Anyone spending between these amounts on their credit card is therefore protected if the retailer or service provider goes bust, their online shopping never arrives or the items in question are faulty or not as described.

Start by writing to the agency asking it to either remove or change the entry that you think is wrong. It will investigate the matter and find out whether you have been the victim of ID theft or a bank's mistake.

Within 28 days from receipt of your letter the agency should tell you how the bank has responded. If the bank agrees to change the entry, they will authorise the agency to update their records. They should also send updates to any other credit reference agencies they use.

You can also contact your lender directly to query a mistake. If the lender agrees to the discrepancy, ask them to confirm this in writing on their letterhead and send a copy to the agency, asking them to update your file.

The FOS settles disputes between financial companies such as banks and consumers.

If a financial organisation rejects a complaint you make about its services, you can therefore escalate that complaint to the FOS - as long as you have given the company in question at least eight weeks to respond.

The FOS will then investigate the case, and could force the company to offer you compensation should it see fit.

Bailiffs are allowed to take some of your belongings to sell on to cover certain debts, including unpaid Council Tax and parking fines.

They can, for example, take so-called luxury items such as TVs or games consoles. However, they cannot take essentials such as fridges or clothes.

What's more, they can only generally enter your home to take your stuff if you leave a door or window open or invite them in.

You are therefore within your rights to refuse them access and to ask for related documents such as proof of their identity. If they try to force their way in, you can also call the police to stop them.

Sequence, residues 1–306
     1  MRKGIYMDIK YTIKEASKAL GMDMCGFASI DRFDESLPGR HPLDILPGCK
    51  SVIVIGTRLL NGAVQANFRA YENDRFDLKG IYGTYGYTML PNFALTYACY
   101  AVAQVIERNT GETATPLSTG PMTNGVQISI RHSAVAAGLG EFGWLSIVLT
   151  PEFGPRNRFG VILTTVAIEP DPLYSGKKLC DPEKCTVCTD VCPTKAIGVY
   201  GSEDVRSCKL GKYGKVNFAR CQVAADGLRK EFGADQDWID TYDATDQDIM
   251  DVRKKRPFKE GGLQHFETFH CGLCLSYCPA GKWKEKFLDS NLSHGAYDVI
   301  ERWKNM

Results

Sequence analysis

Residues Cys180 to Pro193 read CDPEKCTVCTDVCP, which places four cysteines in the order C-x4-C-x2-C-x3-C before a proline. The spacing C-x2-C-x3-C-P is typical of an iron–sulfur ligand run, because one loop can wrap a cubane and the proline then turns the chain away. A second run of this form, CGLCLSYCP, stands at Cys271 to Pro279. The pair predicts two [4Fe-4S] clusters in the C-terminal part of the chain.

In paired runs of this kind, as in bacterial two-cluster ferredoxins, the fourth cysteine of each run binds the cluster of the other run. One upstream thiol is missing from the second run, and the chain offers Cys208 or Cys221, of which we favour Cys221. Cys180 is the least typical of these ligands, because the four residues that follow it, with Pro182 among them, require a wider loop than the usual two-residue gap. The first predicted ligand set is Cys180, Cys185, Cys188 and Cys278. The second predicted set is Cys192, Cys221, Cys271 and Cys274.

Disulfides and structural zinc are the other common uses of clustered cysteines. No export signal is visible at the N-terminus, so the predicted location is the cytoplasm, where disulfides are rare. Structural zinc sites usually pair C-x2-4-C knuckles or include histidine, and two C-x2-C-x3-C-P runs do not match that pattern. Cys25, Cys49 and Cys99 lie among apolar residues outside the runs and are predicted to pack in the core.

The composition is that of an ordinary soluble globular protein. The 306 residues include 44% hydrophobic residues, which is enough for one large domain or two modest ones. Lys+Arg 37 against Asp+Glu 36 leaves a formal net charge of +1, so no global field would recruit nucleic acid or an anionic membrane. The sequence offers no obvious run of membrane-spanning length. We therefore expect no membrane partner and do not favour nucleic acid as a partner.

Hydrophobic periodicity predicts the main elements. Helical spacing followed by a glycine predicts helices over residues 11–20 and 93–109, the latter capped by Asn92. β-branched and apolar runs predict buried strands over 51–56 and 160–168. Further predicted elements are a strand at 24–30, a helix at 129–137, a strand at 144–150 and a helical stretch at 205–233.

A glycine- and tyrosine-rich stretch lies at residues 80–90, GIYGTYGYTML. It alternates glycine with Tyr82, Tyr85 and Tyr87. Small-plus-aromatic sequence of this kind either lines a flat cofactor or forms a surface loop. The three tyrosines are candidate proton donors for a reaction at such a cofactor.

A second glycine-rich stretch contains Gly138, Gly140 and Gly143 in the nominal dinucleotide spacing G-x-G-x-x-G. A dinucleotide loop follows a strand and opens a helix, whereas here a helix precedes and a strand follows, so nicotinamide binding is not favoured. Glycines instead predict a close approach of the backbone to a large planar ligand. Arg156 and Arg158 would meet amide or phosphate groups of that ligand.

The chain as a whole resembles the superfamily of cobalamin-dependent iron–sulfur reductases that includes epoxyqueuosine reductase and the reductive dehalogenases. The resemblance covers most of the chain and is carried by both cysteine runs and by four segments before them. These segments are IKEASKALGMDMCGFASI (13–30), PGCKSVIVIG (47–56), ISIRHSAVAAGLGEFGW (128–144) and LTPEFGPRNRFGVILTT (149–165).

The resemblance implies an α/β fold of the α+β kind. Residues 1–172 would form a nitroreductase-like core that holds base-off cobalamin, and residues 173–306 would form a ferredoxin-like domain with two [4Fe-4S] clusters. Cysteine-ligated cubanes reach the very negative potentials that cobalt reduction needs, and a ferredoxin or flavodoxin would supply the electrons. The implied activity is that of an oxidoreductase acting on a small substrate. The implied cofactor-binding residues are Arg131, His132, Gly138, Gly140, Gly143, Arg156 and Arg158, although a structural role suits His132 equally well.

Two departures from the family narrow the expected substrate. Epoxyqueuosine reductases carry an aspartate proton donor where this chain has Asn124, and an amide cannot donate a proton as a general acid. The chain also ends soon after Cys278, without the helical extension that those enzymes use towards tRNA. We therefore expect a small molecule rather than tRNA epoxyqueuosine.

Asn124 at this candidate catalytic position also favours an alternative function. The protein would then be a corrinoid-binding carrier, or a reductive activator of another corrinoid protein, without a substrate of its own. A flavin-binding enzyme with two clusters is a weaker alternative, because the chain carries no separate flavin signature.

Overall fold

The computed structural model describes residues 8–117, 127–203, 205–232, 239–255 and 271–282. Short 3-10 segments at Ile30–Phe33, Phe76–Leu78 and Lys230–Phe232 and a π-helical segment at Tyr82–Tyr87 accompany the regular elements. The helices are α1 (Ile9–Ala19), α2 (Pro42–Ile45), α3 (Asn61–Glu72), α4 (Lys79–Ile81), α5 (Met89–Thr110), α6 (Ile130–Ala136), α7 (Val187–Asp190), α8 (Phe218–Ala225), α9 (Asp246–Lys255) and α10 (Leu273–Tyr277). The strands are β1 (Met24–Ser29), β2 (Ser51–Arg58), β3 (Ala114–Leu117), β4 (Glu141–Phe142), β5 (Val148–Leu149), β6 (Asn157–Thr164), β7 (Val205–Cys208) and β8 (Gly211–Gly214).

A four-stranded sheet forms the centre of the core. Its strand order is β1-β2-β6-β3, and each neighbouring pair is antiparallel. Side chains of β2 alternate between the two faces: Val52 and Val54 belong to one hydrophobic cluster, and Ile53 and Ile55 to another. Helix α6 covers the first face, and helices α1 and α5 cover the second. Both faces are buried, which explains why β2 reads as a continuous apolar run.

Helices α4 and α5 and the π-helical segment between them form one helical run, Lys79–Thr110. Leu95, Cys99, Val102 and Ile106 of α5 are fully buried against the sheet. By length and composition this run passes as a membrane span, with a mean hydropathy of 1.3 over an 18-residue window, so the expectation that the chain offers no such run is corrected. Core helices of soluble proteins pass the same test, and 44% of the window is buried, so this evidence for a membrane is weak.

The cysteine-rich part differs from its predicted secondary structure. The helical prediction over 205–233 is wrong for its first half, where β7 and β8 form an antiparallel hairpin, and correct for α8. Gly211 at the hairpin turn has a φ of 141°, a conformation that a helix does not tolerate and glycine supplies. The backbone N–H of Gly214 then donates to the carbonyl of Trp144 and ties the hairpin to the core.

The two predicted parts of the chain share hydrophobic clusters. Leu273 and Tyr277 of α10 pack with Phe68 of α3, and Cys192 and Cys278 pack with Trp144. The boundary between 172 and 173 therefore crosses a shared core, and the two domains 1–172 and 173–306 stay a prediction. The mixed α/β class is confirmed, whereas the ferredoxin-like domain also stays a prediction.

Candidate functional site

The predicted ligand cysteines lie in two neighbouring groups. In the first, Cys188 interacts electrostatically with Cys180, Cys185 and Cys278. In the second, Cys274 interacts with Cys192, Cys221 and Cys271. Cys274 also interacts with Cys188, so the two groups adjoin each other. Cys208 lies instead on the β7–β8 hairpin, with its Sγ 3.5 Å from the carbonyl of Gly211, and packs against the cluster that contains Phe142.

Private sector debt collectors do not have the same powers as bailiffs, whatever they tell you.

They cannot, for example, enter your home and take your possessions in lieu of payment.

In fact, they can only write, phone, or visit your home to talk to you about paying back the debt. As with bailiffs, you can also call the police if you feel physically threatened.

Thanks to the Distance Selling Regulations, you actually have more rights buying online or by phone than on the High Street.

You can, for example, send most goods back within a week, for a full refund (including outward delivery costs), even if there's no fault.

You will usually need to pay for the return delivery, though. The seller must then refund you within 30 days.

We enter into contracts all the time, whether it be to join a gym, switch energy supplier or take out a loan.

In most cases, once you've signed a contract, you are legally bound by it. In some situations, however, you have the right to cancel it within a certain timeframe.

Credit agreements, for example, can be cancelled within 14 days. And online retailers must tell you about your cancellation rights for any contract made up to stand up legally.


Read Full Story